thehindu.com | Beats in the wilderness
The forests of Sarawak, Malaysia, reverberate with music as international bands converge there in July
Lush green forest cover and peaking Santubong mountain form a glorious backdrop to the annual Rainforest World Music Festival in Sarawak, Malaysia. Though music has travelled in the form of a festival from confined concert-halls to various open-air venues, at this unique setting of 17 acres of forest land, it has taken a quantum leap since its beginning 20 years ago. The three-day festival held in the month of July hosts renowned musicians, both indigenous and international.
A couple of hours flying from Kuala Lumpur lands me in Kuching, the capital city of Sarawak and the base to get to the festival. Shuttle buses are organised from the city-centre, with the focus on reducing carbon emission, for the 35-km ride to Sarawak Cultural Village, a ‘living’ museum and the venue for the festival. People throng the gates in the opening hours of the morning but an efficient entry system keeps the wait-time to minimal.
All-day events begin in the morning and wind down well past midnight. There is something for everyone to keep the zing going. To sustain the energy-level for such a long stretch at the festival, it is better to kick-start the day with one of the wellness-programmes that focus on mental, spiritual and physical through yoga workshops, meditation and Tai-chi. Yoga enthusiasts can get to choose from various types such as hatha, budokon, vinyasa and yin but ‘bring your own yoga mat’ is the norm here. For the movement-oriented, Zumba, Bodycombat, Tai-chi, Capoeira and traditional Malay art of self-defence called Silat are the choice.
The festival ground is designed such, a boardwalk around a water-body would catch all the sights and sounds. Talks on wealth of plants in the rainforest, personal-care oil extraction and soap-making from natural ingredients are at Sarawak Biodiversity centre. Cheering kids holding mothers’ arms lead me to Pustaka Bookaroo, where children get initiated into arts, crafts and music.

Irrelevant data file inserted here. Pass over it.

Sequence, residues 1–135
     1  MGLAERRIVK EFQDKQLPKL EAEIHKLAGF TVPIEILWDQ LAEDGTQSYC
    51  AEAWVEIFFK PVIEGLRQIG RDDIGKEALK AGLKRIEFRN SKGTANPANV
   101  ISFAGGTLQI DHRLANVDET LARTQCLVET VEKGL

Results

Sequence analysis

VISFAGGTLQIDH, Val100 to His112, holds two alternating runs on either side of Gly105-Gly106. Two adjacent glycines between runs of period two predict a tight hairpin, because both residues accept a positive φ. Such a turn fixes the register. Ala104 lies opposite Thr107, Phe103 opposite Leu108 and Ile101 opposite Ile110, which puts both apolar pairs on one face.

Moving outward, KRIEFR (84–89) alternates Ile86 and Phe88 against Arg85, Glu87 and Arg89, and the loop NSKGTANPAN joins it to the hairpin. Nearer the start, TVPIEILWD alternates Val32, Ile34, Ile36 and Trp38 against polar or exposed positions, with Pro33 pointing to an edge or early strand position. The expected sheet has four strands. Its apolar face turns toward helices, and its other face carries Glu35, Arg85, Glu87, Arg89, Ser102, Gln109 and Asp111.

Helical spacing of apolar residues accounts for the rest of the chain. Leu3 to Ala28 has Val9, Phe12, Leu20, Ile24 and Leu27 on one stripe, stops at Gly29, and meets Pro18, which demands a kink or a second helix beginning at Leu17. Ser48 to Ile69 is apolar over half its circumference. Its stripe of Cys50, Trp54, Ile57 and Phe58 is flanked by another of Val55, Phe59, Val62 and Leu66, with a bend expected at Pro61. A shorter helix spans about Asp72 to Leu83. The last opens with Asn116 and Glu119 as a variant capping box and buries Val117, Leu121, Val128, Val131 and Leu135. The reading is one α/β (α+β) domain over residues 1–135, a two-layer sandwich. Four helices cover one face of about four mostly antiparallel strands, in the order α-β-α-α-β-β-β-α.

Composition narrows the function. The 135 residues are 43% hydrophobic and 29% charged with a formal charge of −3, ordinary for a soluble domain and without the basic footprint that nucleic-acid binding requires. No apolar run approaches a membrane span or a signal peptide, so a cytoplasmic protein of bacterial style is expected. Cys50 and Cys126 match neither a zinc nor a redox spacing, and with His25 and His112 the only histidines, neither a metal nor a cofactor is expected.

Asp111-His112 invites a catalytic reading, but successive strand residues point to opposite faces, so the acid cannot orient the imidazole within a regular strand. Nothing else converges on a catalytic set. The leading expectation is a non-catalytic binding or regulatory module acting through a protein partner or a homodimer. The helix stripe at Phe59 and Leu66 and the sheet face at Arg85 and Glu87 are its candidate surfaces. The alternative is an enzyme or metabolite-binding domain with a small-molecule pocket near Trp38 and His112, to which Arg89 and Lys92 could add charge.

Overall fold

There is a heavy emphasis on Sape, a local ‘boat lute’ of four-strings made of hollowed-wood, through history and exhibition, art of making and playing workshops, to preserve and promote local musical heritage. The Rainforest World Craft Bazaar is an alluring stop over for souvenir hunters as it spreads a wide range from garments, pants, batik, beadwork to tapestries for which the raw materials are sourced from the forest.The festival aims to showcase music and dance rooted in cultures from around the world. Two stages, ‘The Jungle and Tree stages,’ aptly named for they are flanked by forest trees, are the focus for the prime-time mega acts. This year featured over 25 bands from South Africa, U.K., Guinea, Cape Verde, Columbia, Belgium to Tahiti. The bands play back to back creating a seamless transition though the sounds are distinct as they cover a range of genres. When the skies open, revellers literally ‘dance away the evening in the rain.’
As Sarawak is located just north of the equator, it is hot and sweaty. The only air-conditioned refuge is the Theatre stage that hosts afternoon shows that are chamber-style, intimate and classical for seated audience. Then there are ‘Mini Sessions’ featuring lecture-demonstrations, interactive dance workshops and thematic performances on ‘percussion,’ ‘wind,’ ‘strings,’ ‘keys’ and so on. Each musician gets to demonstrate his instrument individually and the session ends with them all playing together. These shows are held in the replica of traditional houses and halls of the Sarawak ethnic communities.